The initial problem with this formulation is that recent findings contradict the claim that caregiving by women is born of social construction alone. Studies show that some of the most sex-segregated educational and occupational markets are found within the most egalitarian societies, where women have achieved marked political and social equality. In the United States, studies continue to show that most mothers prefer part-time to full-time work, with the highly educated and well-to-do continuing to opt out of full-time work in higher numbers. In countries such as Norway, where generous social benefits encourage both mothers and fathers to care for young children, mothers’ time at home still predominates; almost half of Norwegian women work part-time. When given the choice, women choose to give care at rates far higher than men do.
Kittay’s argument for the fundamental value of the “mother” in the life of a society would be strengthened, moreover, by not ceding motherhood to an androgynous disposition of attentive service. The case would be better made with an explicit affirmation of the maternal experience that first defines the term mother: pregnancy and childbearing. After all, as vulnerable and dependent human beings, we enter the world inside of our mothers. Our fragile bodies develop within their protective bodies. They provide complete nourishment until we emerge from our mothers’ wombs and for several months thereafter. Efforts to degender mothering devalue this role, which is enjoyed by women alone. No other caregiving in the common course of human experience better manifests the reality of human dependency and the proper human response. Pregnancy and childbirth, uniquely female possibilities, exemplify in a particularly powerful way Kittay’s core claim.
This is why abortion is such a betrayal of women and the unique place of mothers in an ethic of care. Kittay is aware of this tension. Her own reasoning suggests that mothers have a special duty to nurture and protect the vulnerable unborn child, never to destroy it: “The needs of another call forth a moral obligation on our part when we are in a special position vis-à-vis that other to meet those needs.” The moral claim, she continues, “arises not by virtue of the properties of an individual—construed as rights, needs, or interests—but out of a relationship between one in need and one who is situated to meet the need.”
As one who dissents from the contractual view that obligations can only be voluntarily assumed, Kittay acknowledges that a mother is in a “special position” in relation to the unborn child. This would seem to rule out abortion. But she backs away. Elsewhere, she writes that the decision to have an abortion is always difficult, but a woman’s to make. The pro-choice position is common among feminists, but it runs counter to the logic of Kittay’s argument. The affirmative duty of care that arises from the special relationship between pregnant mother and dependent child remains among the strongest arguments against the abortion license.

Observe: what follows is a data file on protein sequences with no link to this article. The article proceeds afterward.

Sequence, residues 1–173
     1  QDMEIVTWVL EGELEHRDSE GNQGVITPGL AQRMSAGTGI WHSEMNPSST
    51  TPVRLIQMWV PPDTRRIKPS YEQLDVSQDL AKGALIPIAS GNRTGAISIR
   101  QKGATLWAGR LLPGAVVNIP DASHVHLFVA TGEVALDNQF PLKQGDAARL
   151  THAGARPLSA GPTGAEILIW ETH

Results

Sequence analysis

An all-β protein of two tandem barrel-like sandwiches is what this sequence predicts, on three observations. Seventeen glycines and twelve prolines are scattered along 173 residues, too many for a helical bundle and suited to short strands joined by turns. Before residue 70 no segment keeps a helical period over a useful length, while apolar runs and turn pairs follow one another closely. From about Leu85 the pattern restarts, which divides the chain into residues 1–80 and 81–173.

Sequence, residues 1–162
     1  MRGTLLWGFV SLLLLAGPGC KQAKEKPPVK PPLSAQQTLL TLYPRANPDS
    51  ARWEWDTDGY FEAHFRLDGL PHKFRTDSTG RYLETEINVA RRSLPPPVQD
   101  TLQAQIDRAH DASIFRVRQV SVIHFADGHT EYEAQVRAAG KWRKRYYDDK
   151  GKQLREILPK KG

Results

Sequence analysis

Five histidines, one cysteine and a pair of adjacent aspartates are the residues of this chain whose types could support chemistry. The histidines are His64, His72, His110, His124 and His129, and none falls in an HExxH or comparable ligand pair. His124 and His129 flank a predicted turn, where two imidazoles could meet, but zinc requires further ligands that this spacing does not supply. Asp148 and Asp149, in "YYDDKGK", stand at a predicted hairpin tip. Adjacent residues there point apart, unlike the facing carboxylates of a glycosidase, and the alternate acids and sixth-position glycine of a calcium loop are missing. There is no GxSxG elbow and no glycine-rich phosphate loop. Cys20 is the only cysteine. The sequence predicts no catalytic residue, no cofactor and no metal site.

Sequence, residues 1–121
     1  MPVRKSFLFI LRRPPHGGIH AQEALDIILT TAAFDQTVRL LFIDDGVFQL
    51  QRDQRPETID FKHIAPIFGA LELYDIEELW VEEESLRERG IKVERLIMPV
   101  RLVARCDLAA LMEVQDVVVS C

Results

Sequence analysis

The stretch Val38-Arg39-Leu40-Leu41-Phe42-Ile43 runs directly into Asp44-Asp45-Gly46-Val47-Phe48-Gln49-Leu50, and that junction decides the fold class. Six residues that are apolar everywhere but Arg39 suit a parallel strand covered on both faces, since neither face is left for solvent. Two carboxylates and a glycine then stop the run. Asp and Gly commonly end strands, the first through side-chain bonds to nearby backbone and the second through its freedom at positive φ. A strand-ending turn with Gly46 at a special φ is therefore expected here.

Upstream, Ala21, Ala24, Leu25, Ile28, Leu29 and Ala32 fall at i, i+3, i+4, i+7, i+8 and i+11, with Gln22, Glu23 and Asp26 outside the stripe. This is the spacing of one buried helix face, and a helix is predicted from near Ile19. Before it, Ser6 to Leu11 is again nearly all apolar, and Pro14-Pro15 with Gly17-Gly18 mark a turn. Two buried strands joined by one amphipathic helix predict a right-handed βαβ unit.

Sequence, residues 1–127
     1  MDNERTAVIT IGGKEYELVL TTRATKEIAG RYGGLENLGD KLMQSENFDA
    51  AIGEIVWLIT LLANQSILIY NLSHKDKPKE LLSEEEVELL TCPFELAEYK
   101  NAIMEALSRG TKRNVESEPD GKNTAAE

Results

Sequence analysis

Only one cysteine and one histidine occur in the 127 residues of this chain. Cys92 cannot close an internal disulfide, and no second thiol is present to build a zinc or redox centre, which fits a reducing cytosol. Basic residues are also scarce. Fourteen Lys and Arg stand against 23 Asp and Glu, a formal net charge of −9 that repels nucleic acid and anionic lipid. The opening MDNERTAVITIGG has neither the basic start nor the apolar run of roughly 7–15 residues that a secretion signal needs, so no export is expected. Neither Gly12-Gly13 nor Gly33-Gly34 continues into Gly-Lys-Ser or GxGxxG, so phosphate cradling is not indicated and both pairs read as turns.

Defenders of abortion rights often say that in pregnancy, childbearing, and caregiving, women sacrifice a portion of their autonomy and become vulnerable. This is true. And here we must agree with Kittay that their vulnerability imposes duties on others. The caregiver herself needs a “provider,” she suggests, someone to support the work of care. But, make no mistake, Kittay’s providers are not the providers of old. Just as she degenders mothers, she degenders fathers.
Kittay sees no differentiated role for fathers. If men are going to be involved with dependents (which they ought to be), then they should take over some of the caregiving work traditionally performed by women. Women can then participate in the workplace more freely, and men may enjoy the benefits and burdens of caregiving. Men and women can and should alternate caregiver and provider roles. There is no reason why we should think of a form of paternal care as distinct from maternal care.
It follows that two women or two men can raise a child just as well as the child’s mother and father can. So long as a provider offers the caregiver the support needed, the sex of the provider and caregiver is irrelevant. Two parents are better than one in tending to the needs of the child; two parents have more resources to offer. Kittay is clear about this. Indeed, she thinks we can distribute the mothering among many caregivers, male or female, familial or professional, paid or unpaid. But the very best provider is not a spouse at all (since the power differential between a “private provider” and caregiver makes the latter vulnerable to exploitation). The optimal situation, for her, is a “public provider,” the state. She envisions government compensating those whose work is the care of dependents.